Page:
The education agenda for the next Congress indicates our leaders want to party like it’s 1959. That would have been the last year when writing states’ rights into major education law might have made political sense.
Whether because of racism, politics, ignorance, or indifference, the brutal facts are that states and school districts have too often neglected their educational responsibilities. The losers have always been children in poverty, children of color, and children with disabilities.
He is calling our attention to congressional leaders’ plans to roll back important provisions of the Elementary and Secondary Education Act (ESEA). Specifically, federal expectations that schools make progress each year with racially and economically marginalized children could be eliminated, along with federal mandates that these children be assigned to high quality teachers and effective schools.
The goal of lifting children and families out of poverty by investing in an accountable system of public education could be replaced by a reanimation of the “benign neglect” doctrine.
Edelman reminds us of the civil rights issues at stake and why they warrant federal oversight:
In addition to getting the short end of the stick on funding in most states, low-income children and children of color are disciplined more severely, have less access to rigorous high school classes, and are more likely to be taught by ineffective teachers. (We only know about these disparities, by the way, because the federal government makes states measure them and publish the results.)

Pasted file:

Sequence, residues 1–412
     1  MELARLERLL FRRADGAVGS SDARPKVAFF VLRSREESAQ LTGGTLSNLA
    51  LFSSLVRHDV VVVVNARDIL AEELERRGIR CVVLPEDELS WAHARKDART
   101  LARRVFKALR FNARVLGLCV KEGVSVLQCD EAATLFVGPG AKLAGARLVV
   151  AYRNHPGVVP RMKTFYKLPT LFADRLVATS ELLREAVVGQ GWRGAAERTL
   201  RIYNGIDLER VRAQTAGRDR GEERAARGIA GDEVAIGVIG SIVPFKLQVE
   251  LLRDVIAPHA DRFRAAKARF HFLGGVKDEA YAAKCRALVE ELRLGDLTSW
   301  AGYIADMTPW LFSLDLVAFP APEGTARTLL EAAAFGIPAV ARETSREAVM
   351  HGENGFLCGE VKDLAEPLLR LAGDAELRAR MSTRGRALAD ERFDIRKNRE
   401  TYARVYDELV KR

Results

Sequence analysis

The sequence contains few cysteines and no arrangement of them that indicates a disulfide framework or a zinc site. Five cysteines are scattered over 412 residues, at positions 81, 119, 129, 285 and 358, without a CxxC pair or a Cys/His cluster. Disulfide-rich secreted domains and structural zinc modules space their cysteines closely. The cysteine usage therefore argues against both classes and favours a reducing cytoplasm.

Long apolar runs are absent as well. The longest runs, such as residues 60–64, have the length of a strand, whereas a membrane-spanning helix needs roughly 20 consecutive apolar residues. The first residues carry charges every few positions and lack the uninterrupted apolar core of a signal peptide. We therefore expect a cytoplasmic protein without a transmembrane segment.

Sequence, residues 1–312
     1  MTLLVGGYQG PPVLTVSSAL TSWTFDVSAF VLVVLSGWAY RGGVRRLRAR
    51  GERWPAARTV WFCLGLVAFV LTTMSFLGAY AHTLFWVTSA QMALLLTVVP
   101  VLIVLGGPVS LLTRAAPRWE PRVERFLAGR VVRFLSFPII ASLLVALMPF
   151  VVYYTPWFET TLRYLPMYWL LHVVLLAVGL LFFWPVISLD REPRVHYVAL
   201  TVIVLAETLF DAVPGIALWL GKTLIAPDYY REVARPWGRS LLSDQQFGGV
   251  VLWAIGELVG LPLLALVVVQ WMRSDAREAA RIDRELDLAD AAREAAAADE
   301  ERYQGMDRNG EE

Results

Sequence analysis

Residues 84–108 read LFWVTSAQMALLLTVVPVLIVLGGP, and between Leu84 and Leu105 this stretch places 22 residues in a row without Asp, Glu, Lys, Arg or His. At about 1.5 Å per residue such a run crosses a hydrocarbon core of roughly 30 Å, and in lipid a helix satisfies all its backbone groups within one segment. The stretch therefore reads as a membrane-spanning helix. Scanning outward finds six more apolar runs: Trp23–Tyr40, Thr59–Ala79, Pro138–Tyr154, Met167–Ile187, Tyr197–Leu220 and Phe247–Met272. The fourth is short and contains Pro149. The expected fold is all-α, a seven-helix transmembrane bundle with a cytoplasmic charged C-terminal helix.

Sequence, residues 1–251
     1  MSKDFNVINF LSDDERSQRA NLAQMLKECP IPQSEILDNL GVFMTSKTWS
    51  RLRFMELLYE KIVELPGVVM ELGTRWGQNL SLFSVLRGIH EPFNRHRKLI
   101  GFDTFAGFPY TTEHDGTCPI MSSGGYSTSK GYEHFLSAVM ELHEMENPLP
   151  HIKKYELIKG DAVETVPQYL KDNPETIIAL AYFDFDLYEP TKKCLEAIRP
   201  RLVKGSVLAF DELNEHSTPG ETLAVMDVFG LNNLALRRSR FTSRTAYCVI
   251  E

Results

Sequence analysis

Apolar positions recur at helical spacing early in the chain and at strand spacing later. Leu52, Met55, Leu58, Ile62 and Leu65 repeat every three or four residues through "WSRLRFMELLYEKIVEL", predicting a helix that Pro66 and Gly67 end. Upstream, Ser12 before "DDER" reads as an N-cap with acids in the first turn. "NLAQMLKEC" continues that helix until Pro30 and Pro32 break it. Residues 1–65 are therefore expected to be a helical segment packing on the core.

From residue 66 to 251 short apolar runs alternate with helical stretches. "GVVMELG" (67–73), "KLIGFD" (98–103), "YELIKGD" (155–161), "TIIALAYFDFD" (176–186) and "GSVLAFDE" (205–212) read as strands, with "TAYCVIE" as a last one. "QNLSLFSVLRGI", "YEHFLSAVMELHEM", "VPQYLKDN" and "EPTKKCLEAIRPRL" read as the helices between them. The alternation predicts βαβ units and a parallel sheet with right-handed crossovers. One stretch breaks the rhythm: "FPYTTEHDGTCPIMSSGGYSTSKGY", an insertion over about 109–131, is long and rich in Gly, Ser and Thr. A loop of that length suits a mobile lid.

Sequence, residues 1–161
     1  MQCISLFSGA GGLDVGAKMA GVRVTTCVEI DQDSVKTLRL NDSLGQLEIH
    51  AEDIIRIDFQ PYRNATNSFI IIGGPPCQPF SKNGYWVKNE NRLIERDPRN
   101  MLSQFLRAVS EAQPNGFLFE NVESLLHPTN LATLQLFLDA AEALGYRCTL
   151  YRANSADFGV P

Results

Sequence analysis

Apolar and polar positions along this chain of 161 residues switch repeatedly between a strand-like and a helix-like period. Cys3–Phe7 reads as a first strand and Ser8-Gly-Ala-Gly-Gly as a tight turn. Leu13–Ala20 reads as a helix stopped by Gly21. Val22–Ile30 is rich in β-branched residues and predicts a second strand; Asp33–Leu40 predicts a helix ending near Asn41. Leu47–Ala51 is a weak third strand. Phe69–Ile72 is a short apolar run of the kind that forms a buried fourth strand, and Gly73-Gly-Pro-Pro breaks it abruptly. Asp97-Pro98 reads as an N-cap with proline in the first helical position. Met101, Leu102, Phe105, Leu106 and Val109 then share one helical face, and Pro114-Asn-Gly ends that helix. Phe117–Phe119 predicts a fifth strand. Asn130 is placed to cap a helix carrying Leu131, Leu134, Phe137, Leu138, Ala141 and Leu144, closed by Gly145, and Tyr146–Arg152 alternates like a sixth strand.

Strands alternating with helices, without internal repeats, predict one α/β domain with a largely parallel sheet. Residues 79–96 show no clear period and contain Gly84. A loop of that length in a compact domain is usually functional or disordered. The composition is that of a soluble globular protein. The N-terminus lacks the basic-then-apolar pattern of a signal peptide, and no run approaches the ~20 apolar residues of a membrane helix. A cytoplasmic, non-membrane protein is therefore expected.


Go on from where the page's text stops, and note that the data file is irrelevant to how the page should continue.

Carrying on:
Not surprisingly, fewer than 10 percent of low-income children earn a four-year college degree, compared to about 80 percent of upper-income students.
This is why arguments for little to no federal oversight of education are so disturbing.
It is disturbing and dangerous to say federal oversight in education has gone too far while proposing policy that will return us to the days when the academic needs millions of American children were invisible to public education.
A cynical person might say political leaders have been fatigued by addressing systemic inequities and now they intend to address racial gaps in educational outcomes by erasing the evidence.
There’s also talk by states’ rights advocates of no longer requiring annual testing by states, which would deny parents and educators valuable information about whether students are on track, reduce the ability to measure and improve teacher quality, and make it harder for administrators to know how schools are doing and when they need to intervene.
Ironically, this is being proposed just as “smarter” assessments come online that will more accurately measure student learning, including their ability to think critically, solve problems, and write.